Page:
PHOENIX - Many international students going to school in Arizona are trying to figure out what a new rule by Immigration and Customs Enforcement means for them.
On July 6, it was reported that ICE announced a new rule, where non-immigrant students taking online classes due to the COVID-19 pandemic for the fall 2020 semester will not be allowed to remain within the United States.
If returning to their home country is not possible, students will have to take alternative steps to maintain their non-immigrant status, such as finding a school that will cater to in-person classes, a reduced course load, or appropriate medical leave, according to an ICE news release.
On July 8, it was reported that Harvard University and MIT are suing the Department of Homeland Security over the new ICE rule.
"By all appearances, ICE's decision reflects an effort by the federal government to force universities to reopen in-person classes," Harvard wrote in a press release. "The effect — and perhaps even the goal — is to create as much chaos for universities and international students as possible."
Many universities have considered an on-line only model for the fall semester because of COVID-19.
Students speak out
On July 8, FOX 10 spoke with some students about their different struggles.
The students say their universities have been proactive in finding solutions, but they’re concerned about what will happen if COVID-19 grows even more.
Hui Yang, who attends law school at the University of Arizona, said she is concerned.
"If I miss this last, one year, I don’t know," said Yang. "That was just another bomb drop."
Nand Javia, who went back to Zambia at the end of last semester at TCU, and is concerned about returning if the virus spikes halfway through the semester. also spoke out.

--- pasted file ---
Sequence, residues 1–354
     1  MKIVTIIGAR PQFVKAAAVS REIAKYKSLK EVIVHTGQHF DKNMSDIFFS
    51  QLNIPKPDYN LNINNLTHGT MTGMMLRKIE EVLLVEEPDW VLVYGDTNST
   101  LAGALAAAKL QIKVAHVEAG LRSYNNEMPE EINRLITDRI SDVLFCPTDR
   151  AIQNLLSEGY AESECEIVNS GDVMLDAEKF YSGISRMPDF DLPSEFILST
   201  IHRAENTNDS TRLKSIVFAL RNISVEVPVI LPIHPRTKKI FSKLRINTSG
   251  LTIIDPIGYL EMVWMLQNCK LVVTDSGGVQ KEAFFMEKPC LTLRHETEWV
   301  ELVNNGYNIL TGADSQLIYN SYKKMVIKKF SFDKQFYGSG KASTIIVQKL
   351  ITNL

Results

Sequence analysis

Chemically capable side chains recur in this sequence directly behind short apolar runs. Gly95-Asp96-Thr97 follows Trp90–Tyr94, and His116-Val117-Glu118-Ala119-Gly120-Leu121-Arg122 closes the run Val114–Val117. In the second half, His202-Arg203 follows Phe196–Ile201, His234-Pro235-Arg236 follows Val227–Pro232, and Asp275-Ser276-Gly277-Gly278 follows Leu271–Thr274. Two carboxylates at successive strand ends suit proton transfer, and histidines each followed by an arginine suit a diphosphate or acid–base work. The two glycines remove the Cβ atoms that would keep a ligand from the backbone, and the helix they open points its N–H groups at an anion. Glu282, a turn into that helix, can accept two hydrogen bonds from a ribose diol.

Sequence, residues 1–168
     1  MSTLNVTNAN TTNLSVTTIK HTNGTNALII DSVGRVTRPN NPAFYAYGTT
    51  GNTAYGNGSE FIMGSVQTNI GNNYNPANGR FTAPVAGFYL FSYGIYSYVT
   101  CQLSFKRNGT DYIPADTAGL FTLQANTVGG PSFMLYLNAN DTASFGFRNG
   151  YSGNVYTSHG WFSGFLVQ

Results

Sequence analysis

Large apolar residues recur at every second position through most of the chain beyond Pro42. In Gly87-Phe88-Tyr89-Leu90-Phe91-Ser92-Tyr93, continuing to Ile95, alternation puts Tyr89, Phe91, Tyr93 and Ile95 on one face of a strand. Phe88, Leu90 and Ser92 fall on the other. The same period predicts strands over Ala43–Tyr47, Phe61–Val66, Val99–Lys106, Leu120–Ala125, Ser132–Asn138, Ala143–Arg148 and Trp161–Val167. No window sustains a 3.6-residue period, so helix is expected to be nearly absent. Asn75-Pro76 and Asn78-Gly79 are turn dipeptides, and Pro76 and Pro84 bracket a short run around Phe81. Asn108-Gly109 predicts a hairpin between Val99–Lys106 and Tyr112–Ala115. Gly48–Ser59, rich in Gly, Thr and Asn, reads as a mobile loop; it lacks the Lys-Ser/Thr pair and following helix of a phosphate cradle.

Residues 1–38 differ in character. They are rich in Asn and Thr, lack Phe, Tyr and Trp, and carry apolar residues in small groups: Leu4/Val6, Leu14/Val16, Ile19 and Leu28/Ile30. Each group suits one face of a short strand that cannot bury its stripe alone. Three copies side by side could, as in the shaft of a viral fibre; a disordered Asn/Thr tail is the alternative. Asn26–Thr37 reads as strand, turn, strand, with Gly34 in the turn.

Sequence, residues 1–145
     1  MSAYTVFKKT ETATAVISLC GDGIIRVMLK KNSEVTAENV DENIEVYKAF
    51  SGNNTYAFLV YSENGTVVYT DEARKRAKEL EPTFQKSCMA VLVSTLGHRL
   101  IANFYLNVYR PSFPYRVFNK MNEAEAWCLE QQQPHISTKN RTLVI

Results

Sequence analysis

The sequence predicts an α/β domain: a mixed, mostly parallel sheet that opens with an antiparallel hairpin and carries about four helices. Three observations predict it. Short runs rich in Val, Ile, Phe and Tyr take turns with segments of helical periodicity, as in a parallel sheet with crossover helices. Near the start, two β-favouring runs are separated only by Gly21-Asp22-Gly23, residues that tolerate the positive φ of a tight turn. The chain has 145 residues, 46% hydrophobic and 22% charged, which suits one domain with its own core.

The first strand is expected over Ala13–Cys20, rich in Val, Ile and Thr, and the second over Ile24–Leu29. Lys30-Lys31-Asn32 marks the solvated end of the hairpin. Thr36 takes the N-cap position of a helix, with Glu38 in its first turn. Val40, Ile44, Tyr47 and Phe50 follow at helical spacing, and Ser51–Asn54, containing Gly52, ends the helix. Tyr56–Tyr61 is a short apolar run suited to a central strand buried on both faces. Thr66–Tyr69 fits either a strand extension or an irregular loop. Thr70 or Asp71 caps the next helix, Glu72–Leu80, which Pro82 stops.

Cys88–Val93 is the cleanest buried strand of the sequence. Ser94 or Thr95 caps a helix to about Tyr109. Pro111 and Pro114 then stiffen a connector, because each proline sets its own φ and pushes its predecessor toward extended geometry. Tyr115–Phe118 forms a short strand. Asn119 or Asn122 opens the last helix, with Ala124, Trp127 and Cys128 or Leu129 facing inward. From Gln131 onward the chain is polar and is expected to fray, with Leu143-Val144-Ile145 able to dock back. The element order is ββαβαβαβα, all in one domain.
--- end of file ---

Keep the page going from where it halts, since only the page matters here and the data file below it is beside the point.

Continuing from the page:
"If that could be right after one week or right after five weeks if TCU decides to go completely online, then we’ll have to leave the country immediately in the next ten days," said Javia.
University officials respond
Officials with UArizona have assured Yang that they will make sure there are on-campus classes, and confirmed that in a statement. Officials at Arizona State University and Northern Arizona University have released similar statements to ICE’s announcement.
Officials with Grand Canyon University say they are working with every student individually to find on-site class options, while officials with DeVry say they are evaluating their options.
Immigration attorney reacts
"It’s irrational. Nonsensical. Lacks any basis or merit in law," said Gabriel Vadasz, an immigration attorney with Diamondback Legal.
Vadasz says he’s had talks with universities to help them navigate the rule change, so students can stay.
"A lot of these international students are putting virtually everything they have on the line just to get their education," said Vadasz.
Javia has connected with Vadasz.
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